My Hoppes Coat of Arms by Harry Hoppes



            I’ve had several requests for additional information about the Hoppes coat of arms featured on the cover and in the frontispiece of my book Swiss Roots: A History of the Happes Family to 1800.  As a result of the frequent visits my wife Riki and I made to the State Archives in Zuerich and the City Archives in Winterthur, Switzerland in 1972/3, we learned that family coats of arms could still be filed by a member of any family originating in Switzerland.   Submissions into the New Collection (Neuschoepfung) had to be typed on an 11 x 15 centimeter filing card.  I knew that the Winterthur branch of the family had a coat of arms featuring a meat cleaver and a six-pointed star, so why shouldn’t part of the Toess branch of the family also be represented with a coat of arms? With this rationale in mind, I designed the submission on the 11 x 15 cm filing card depicted at the conclusion of this essay.  My translation of the face of the filing card is:


                                    HAPS/HOPPES from Toess
                                    In red, a silver hawk’s head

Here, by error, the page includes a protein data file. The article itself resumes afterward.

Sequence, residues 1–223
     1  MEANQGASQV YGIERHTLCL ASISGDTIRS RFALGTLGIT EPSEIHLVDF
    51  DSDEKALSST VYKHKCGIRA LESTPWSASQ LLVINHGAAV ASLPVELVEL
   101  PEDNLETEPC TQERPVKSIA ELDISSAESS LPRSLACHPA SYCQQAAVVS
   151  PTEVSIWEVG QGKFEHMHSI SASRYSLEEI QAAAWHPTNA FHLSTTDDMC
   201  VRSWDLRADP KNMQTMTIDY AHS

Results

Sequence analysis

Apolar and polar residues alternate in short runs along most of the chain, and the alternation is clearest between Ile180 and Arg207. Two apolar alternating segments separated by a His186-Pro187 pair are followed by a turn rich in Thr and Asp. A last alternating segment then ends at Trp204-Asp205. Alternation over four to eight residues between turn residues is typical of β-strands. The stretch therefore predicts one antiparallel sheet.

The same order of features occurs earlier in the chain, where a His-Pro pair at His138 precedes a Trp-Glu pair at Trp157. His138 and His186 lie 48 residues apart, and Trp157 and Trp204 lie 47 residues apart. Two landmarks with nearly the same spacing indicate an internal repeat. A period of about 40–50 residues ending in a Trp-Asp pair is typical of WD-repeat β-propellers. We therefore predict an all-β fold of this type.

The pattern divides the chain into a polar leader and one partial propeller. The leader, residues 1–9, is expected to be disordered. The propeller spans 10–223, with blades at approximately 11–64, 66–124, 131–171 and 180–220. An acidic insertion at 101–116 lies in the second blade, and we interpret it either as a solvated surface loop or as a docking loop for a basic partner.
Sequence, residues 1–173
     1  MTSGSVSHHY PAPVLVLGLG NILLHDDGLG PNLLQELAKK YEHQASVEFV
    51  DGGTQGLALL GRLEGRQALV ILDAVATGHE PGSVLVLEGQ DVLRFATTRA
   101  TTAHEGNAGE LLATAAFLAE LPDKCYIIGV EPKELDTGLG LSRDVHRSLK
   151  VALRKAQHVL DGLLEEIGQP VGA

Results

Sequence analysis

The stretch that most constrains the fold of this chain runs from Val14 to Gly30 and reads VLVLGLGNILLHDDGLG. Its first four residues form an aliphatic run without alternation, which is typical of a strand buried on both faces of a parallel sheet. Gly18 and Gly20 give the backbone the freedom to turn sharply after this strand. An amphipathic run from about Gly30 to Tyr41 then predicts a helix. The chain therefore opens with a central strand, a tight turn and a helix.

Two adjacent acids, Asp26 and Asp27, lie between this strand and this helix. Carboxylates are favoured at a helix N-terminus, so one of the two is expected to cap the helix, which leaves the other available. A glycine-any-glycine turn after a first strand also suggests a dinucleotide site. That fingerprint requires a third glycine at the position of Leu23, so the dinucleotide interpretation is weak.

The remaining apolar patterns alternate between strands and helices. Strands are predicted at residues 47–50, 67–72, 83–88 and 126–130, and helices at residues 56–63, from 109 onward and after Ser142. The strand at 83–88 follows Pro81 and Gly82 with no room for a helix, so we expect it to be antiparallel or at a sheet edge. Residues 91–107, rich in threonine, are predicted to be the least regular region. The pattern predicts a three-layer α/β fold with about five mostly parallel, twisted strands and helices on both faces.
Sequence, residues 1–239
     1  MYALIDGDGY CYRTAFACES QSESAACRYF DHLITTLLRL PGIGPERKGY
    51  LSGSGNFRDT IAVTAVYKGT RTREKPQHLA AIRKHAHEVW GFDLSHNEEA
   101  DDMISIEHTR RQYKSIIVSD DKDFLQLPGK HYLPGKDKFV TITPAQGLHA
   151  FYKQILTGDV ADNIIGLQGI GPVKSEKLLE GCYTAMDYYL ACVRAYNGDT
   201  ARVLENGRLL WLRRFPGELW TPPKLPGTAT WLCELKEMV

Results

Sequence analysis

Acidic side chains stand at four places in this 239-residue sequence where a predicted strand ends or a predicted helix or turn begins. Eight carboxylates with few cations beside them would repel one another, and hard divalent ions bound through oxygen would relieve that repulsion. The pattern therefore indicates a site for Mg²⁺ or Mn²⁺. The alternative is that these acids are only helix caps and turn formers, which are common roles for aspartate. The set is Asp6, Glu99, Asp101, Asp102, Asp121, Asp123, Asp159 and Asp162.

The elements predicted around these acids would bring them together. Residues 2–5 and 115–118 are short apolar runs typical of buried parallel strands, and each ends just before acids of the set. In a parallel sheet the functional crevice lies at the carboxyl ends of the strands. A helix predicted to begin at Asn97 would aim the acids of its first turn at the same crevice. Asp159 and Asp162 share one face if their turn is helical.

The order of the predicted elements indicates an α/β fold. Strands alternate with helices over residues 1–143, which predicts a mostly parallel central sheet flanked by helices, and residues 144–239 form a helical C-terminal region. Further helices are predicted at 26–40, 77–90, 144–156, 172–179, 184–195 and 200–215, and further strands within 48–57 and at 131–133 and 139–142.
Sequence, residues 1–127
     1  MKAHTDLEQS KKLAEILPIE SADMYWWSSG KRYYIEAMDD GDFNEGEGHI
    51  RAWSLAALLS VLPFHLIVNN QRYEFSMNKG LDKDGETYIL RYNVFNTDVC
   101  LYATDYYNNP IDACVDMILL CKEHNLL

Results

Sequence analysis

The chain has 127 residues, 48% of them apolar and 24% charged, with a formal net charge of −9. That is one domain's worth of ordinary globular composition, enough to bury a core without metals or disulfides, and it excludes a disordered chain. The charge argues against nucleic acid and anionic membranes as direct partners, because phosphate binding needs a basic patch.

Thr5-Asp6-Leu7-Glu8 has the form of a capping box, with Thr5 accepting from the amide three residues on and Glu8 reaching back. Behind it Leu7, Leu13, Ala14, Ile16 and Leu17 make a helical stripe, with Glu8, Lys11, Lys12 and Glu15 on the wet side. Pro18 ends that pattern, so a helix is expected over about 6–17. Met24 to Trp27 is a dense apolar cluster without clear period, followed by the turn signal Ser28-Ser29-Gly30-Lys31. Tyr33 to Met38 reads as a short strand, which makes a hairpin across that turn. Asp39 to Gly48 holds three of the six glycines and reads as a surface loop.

and a silver powder horn with
                                    black accessories. In the shield’s base,
                                    a green trefoil with a silver
                                    doubled cross.

                                    New collection 1973
                                    By Dr. Harrison N. Hoppes, USA


            The following explanation is provided on the rear of the filing card:

                        The hawk’s head indicates the probable derivation of the family name.

                        The patriarch’s cross reminds us of the Cloister Toess; there
                        this branch of the Haps family was documented from
                        1485 – 1654.  After they for nearly a hundred years
                        lived in the Odenwald, representatives of this family
                        emigrated in 1751 for Pennsylvania.

                        The powder horn represents the immigrant Happeses as
                        soldiers in the Revolutionary War and as early pioneers,
                        who moved further southward and westward.

                        The family name in America was most frequently written as “Hoppes”.

            Filing cards of the type depicted below were entered into the New Collections of the State Archives in Zuerich and the City Archives in Winterthur.

By Harry Hoppes                                 February 22, 2002

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